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showmance also show-mance

noun [countable]

a romantic relationship between two members of the cast of a play, film or television series, especially a relationship that ends when the play, series, etc finishes

The former Celebrity Big Brother winners started dating in June, but many have questioned whether their relationship is genuine. Cynics have suggested the relationship is a 'showmance' designed to keep the pair's names in the press, but the pair took the opportunity during a television interview – where else? – to set the record straight.

metro.co.uk 4th August 2011

If you're on the lookout for a bit of 'no-strings-attached' romance this Valentine's Day, then you might want to take inspiration from those who work in the entertainment industry, where relationships can surface and disappear as regularly as the light of day. Among the occupational 'perks' enjoyed by many of the actors that grace our theatres, cinemas and TV screens, is the opportunity for a showmance, that romantic dalliance between two cast members which can last for however long is convenient.

a key attribute of a showmance is that it tends to only last for the duration of the show in which the individuals work
together

A showmance is a relationship which develops between performers in a play, film or television series. Though there are a number of notable cases of these kind of romances leading to lasting relationships (such as for example the marriage in June 2011 of actors Rachel Weisz and Daniel Craig, who began dating while working together on a film in the previous year – it remains to be seen how enduring their relationship will be), a key attribute of a showmance is that it tends to only last for the duration of the show in which the individuals work together, usually coming to an abrupt end shortly after the final episode or performance.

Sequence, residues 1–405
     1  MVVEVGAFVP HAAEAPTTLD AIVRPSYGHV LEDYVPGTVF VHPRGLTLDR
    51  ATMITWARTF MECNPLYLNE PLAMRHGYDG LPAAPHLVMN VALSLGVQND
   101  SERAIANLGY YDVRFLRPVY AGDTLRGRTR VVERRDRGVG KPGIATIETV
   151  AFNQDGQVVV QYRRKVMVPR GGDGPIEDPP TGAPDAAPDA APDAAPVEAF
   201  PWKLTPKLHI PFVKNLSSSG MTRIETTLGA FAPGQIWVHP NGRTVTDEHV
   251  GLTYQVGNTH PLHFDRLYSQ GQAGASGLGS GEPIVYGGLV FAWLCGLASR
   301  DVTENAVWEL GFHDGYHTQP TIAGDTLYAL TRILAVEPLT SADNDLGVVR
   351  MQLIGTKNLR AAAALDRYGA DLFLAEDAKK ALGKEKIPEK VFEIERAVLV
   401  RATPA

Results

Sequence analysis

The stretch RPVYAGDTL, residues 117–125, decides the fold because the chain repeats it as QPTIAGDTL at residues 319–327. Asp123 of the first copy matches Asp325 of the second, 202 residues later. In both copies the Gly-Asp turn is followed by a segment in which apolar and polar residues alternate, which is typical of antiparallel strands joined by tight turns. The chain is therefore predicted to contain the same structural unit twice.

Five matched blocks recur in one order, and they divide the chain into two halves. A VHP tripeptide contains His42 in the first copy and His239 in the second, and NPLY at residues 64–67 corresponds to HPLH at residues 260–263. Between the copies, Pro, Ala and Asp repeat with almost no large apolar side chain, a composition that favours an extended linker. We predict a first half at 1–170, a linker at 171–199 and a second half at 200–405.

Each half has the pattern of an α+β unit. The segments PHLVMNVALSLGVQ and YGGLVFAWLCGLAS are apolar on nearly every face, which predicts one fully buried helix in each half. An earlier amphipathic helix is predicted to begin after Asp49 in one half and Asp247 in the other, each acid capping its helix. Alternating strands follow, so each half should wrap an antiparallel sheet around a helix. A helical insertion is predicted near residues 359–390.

Though there may be genuine, if rather short-lived, romantic attraction involved, showmances are often viewed as publicity stunts, such relationships inevitably attracting a great deal of media interest which can be used to promote the show where the romance 'blossomed'. Such criticism has for instance been levelled at young actors Andrew Garfield and Emma Stone, whose showmance seems to be gaining momentum as the release of the film in which they star, The Amazing Spiderman (Columbia Pictures, July 2012), draws closer. Showmances are particularly prevalent in reality TV shows (e.g. Big Brother), and also other kinds of entertainment which involve an intrinsic 'coupling' of the participants (as in for instance BBC TV's Strictly Come Dancing or its US/Australian counterpart Dancing with the Stars). In reality shows which have a competitive element and require viewers' support, participants can use showmances as a mechanism for persuading viewers to vote for them – if they keep them in the show, then they'll be able to see the 'romance' continue.

Though mainly used in reference to celebrity romances, the word showmance is now sometimes used more broadly to refer to any kind of contrived romance in which people fake being in love because they have ulterior motives for doing so.

Background – showmance

Showmance is a blend of the words show and romance which originated in the theatre to describe romances which developed between fellow actors on stage, later transferring to film and television. On the model of romance and romantic, there's also some evidence for use of the word showmantic, which can function as both an adjective and a noun to describe such relationships or those involved.

A near synonym is the new term fauxmance, a blend of faux ('artificial') and romance, used to refer to a fake romance between celebrities (who may or may not work together) which has been deliberately contrived in order to attract media attention.

An earlier blend on the same pattern is bromance, a combination of brother and romance coined in the early noughties to refer to a close but non-sexual relationship between two men. Bromance and derived adjective bromantic hit the spotlight in late 2011 as an apt characterization of the relationship between fictional characters Sherlock Holmes and Doctor Watson in the context of discussions surrounding both the new BBC TV series and the recently released Warner Brothers film Sherlock Holmes – A Game of Shadows.

For teachers

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by Kerry Maxwell, author of Brave New Words

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This article was first published on 6th February 2012.

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